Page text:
Common sources of interference in circuit applications come from the power supply, which is usually introduced through the power device's power supply pins. For example, the timing diagram of the A/D converter output. The sampling speed of the A/D converter is 40 ksps and 4096 samples are taken.
In this example, there is no bypass capacitor on the instrumentation amplifier, reference voltage source, and A/D converter. In addition, the input of the circuit is based on a low noise, 2.5V DC voltage source.
An in-depth study of the circuit shows that the noise source seen on the timing diagram comes from the switching power supply. Bypass capacitors and choke rings have been added to the circuit. A 10mF capacitor was added to the power supply, and three 0.1mF capacitors were placed beside the power supply pins as close to the active components as possible. As can be seen on the resulting new timing diagram, a stable dc output is generated and the histogram can verify this. The data shows that these changes in the circuit eliminate noise sources from the circuit signal path.
Interference-prone external clock
Other system noise sources may come from digital switches in clock sources or circuits. If this noise is related to the conversion process, it will not appear as interference in the conversion process. However, if this noise is not related to the conversion process, this noise can be easily found using FFT (Fast Fourier Transform) analysis.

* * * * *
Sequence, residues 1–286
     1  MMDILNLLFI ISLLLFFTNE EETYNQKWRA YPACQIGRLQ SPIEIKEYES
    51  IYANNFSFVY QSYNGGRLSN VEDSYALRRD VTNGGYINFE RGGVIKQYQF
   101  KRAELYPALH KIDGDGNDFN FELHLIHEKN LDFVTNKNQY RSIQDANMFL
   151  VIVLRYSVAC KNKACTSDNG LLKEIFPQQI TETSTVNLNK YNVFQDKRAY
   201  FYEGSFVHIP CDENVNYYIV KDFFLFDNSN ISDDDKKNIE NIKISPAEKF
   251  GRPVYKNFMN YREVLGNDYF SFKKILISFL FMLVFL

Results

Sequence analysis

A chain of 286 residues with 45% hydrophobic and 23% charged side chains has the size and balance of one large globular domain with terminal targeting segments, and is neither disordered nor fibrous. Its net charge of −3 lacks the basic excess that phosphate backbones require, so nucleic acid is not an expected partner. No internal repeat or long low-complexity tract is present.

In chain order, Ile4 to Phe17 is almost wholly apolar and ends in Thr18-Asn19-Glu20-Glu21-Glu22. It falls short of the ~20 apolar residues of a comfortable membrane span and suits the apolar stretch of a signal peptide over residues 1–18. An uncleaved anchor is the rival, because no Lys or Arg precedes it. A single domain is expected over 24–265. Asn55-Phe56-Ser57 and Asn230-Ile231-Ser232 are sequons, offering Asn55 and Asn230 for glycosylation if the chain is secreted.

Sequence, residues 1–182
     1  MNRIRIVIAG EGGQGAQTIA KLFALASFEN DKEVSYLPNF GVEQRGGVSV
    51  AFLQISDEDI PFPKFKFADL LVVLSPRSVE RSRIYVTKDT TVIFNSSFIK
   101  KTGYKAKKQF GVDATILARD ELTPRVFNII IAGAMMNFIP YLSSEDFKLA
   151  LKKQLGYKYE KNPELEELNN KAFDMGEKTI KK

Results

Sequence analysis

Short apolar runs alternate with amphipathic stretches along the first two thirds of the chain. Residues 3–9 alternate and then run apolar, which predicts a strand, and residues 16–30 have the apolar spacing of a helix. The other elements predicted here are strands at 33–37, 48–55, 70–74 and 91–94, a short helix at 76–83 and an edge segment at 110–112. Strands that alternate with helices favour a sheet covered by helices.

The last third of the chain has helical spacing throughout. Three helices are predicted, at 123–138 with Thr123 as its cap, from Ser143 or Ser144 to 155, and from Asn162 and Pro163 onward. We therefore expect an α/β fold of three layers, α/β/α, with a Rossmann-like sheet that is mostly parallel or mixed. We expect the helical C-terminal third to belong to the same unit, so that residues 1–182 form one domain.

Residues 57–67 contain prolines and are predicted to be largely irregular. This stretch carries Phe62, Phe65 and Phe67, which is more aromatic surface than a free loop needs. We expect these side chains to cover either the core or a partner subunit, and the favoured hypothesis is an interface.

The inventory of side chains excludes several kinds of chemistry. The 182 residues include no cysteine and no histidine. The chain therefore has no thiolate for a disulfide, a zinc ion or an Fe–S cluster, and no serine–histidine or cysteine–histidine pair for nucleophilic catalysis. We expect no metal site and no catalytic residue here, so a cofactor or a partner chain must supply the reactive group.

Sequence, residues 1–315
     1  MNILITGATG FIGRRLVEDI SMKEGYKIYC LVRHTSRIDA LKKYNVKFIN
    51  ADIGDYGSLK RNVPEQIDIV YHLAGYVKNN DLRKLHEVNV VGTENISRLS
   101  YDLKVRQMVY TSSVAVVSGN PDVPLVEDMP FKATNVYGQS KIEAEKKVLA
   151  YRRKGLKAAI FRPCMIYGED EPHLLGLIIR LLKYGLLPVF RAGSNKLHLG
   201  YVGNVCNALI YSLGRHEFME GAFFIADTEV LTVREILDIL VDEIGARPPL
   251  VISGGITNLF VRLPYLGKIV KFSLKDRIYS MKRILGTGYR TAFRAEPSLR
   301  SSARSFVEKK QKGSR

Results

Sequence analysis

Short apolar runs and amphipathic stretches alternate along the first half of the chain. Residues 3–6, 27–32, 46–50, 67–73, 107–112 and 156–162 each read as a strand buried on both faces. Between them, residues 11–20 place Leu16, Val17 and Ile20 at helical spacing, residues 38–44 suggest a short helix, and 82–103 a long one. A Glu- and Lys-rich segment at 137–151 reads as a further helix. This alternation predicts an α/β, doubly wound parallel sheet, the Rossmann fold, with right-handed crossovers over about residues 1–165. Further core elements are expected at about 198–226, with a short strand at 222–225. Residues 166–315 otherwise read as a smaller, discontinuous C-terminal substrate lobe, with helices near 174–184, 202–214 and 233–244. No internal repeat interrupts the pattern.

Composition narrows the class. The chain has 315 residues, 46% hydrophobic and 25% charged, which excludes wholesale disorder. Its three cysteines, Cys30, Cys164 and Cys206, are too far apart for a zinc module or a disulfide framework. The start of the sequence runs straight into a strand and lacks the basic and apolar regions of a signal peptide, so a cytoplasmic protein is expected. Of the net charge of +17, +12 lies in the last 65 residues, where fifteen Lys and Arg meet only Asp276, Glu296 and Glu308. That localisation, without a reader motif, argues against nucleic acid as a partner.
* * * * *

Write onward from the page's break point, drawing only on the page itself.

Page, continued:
An example of clock signal interference can be found in the FFT diagram. This figure uses a circuit and adds a bypass capacitor. The excitation seen in the FFT shown in Figure 4 is generated by the 19.84-MHz clock signal on the board. In this example, almost no consideration was given to the coupling between the traces when designing and wiring the PCB. The result of ignoring this detail can be seen in the FFT diagram.
This problem can be solved by modifying the layout of the PCB design to route the high-impedance analog traces away from the digital switch traces, or to add an anti-aliasing filter before the A/D converter in the analog signal path. The random coupling between traces is somewhat more difficult to find, in which case time domain analysis may be more effective.
Improper use of amplifier
Return to the circuit and apply a 1 kHz ac signal to the non-inverting input of the instrumentation amplifier. This signal is not a pressure sensing feature, but this example can be used to illustrate the effects of the device in the analog signal path.
The FFT plot shows the circuit performance after applying the above conditions. Note that the fundamental wave looks distorted and many harmonics have the same distortion. Distortion is caused by a slight over-excitation of the amplifier. The solution to this problem is to reduce the amplifier gain.
Addressing signal integrity issues can take a lot of time, especially when engineers don't have the tools to solve tough problems. There are three best analysis tools in the "slam box": frequency domain analysis tool (FFT), time domain analysis tool (oscilloscope photo) and DC analysis tool (histogram). Engineers can use these tools to identify power supply noise, external clock sources, and overdrive amplifier distortion.